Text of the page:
“The president of the United States wants to exchange one set of hostages, our federal workers, for another set of hostages: DACA and TPS recipients. No deal, no deal, no deal.”

Rep. Bill Flores

Rep. Bill Flores

R Dist. 17

Yes

“I think $5.7 billion is the right number, but if we could get anywhere close to that, it’s worth moving forward to try and address the most critical points where the risks are highest right now.”

“I think both sides are partially to blame, but at this point in time, it’s time to stop pointing fingers and start getting the funding flowing.”

Rep. Sheila Jackson Lee

No

“The president repeatedly promised that Mexico would pay for the wall over which he has now singlehandedly shut down the government. It is the president who is holding federal workers, contractors and the federal government hostage.”

Rep. Jodey Arrington

Yes

“This is a crisis. This is a national security crisis, and there is imminent threat to our citizens, and I can not imagine the president waiting a whole lot longer before he just says ‘I am not waiting on congress.'”

Did not comment

Rep. Joaquin Castro

Rep. Joaquin Castro

D Dist. 20

No

“Trump should reopen the government immediately. Then we can discuss broader comprehensive immigration reform and border security measures that we can all agree on. Federal workers, Dreamers and [Temporary Protected Status] recipients should not be held hostage to the president’s demands for a border wall.”

Rep. Chip Roy

Rep. Chip Roy

R Dist. 21

Did not comment

Did not comment

Rep. Pete Olson

Rep. Pete Olson

R Dist. 22

Yes

“We can and must secure our border, open our government and show true leadership and compassion as we start this new Congress. We owe the American people nothing less.”

“Additionally, we have a responsibility to fully fund our government and ensure paychecks flow to the hundreds of thousands of federal workers who are performing vital work on our behalf without pay.”

Rep. Will Hurd

Rep. Will Hurd

R Dist. 23

No

“What I always say is building a wall from sea to shining sea is the most expensive and least effective way to do border security.”

“Not paying the people and furloughing the people dealing with this problem doesn’t make any sense.”

Rep. Kenny Marchant

Rep. Kenny Marchant

R Dist. 24

Yes

Did not comment

Rep. Roger Williams

Rep. Roger Williams

R Dist. 25

Yes

“This whole thing is politically driven. In ’06 the Democrats were for this.”

“I don’t like it. I want to get people paid that aren’t getting paid.”

Rep. Michael Burgess

Yes

“Despite this obstructive stance, I expect President Trump to deliver on his promise to update the American people in the near future.”

“Speaker Pelosi consistently rejects opportunities to reach a commonsense agreement that will reopen the government and secure our borders.”

Rep. Michael Cloud

Rep. Michael Cloud

R Dist. 27

Yes

“A wall would also allow CBP to concentrate their efforts on ports of entry and use their manpower more efficiently.”

“But there should be nothing partisan about ending a humanitarian and criminal crisis that is driven by cartels — and enabled by our federal government’s failure to act. Congress has a responsibility not just to protect the citizens of our country but to end the humanitarian crisis on our southern border.”

Rep. Henry Cuellar

Rep. Henry Cuellar

D Dist. 28

No

“No. The U.S. should secure the southern border with technologically advanced solutions and increased personnel instead of a wall, which is a 14th century solution to a 21st century issue.”

“Hard-working employees, families and communities across the country do not deserve to have their paychecks held hostage. Only once the government shutdown ends and the American people receive their paychecks can Congress can get back to work on negotiating a compromise.”

Rep. Sylvia Garcia

Rep. Sylvia Garcia

D Dist. 29

No

“I think the majority of my district is no different than the country. They don’t think the wall is neccesary.”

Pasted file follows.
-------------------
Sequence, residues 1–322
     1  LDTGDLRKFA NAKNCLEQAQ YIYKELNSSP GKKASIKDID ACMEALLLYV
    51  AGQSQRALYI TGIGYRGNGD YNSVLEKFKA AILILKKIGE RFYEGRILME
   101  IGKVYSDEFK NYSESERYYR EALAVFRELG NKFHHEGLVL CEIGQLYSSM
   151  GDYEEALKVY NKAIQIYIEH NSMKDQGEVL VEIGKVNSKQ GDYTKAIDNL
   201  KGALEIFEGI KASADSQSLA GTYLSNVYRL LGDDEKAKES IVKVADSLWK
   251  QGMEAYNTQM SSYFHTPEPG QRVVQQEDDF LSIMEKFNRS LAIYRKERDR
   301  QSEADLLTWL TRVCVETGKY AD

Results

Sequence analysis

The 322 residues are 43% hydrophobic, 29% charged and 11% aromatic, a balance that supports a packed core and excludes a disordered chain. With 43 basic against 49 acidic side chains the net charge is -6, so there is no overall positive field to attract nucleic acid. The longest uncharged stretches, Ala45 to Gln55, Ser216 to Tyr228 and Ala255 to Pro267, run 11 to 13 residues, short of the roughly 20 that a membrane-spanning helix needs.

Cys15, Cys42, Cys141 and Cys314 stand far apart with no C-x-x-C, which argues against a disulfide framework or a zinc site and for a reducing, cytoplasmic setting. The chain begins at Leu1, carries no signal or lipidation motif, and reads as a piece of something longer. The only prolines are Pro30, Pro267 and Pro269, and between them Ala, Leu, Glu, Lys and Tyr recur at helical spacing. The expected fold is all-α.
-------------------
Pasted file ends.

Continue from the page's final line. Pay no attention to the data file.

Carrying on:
“When it comes to the offer on DACA, DAPA, TPS… Those are issues that he created.”

Rep. Eddie Bernice Johnson

No

“No – a wall has not proven to be effective, and there are many alternatives that provide better border security at a lower cost to taxpayers.”

“Public servants earn their paychecks by doing the often unappreciated work necessary to keep our government functioning. The president should be thanking them for their service and sacrifice, not putting their livelihoods on the line in pursuit of something that will not make the country any safer.”

Rep. John Carter

Rep. John Carter

R Dist. 31

Yes

“A government shutdown is never a good thing. Americans, including our hard-working federal law enforcement officers, are going without their pay, that’s why I’m refusing my pay during this shutdown. A secure border is what the American people want and expect from the federal government.”

Rep. Colin Allred

Rep. Colin Allred

D Dist. 32

No

“Physical barriers alone are not enough. We need smart border security, and resources to protect our ports of entry. I am committed to working together with my colleagues on real, effective immigration reform and border security.”

“Absolutely not. This shutdown must end so bipartisan negotiations can begin.”

Rep. Marc Veasey

Rep. Marc Veasey

D Dist. 33

No

“Democrats want to secure the border in a way that actually makes sense. Wasting money on an ineffective solution diverts needed resources away from proven technologies that work to protect our southern border.”

“Over 29,000 federal employees affected by the shutdown in Texas should not be forced to go without a paycheck over a wall the majority of Americans do not support. Plain and simple, President Trump and Senate Republicans are choosing political self-interest over our families.”

Rep. Filemon Vela

Rep. Filemon Vela

D Dist. 34

No

Did not comment

Rep. Lloyd Doggett

Rep. Lloyd Doggett

D Dist. 35

No

“Yielding to the hostage-taker will only produce more shutdowns for even more outrageous demands. When enough Republicans join Will Hurd, our government will reopen by passing the same bills Republicans had agreed to before President Trump changed his mind.”

Rep. Brian Babin

Rep. Brian Babin

R Dist. 36

Yes

“The laws of the United States specify that we’re to have secure borders, that we’re to know who comes in and it’s to be done in an orderly fashion.

“The Democrats do not want to fund this border wall or to make the changes in the policies and vote to change the things that will secure our border.”

Read related Tribune coverage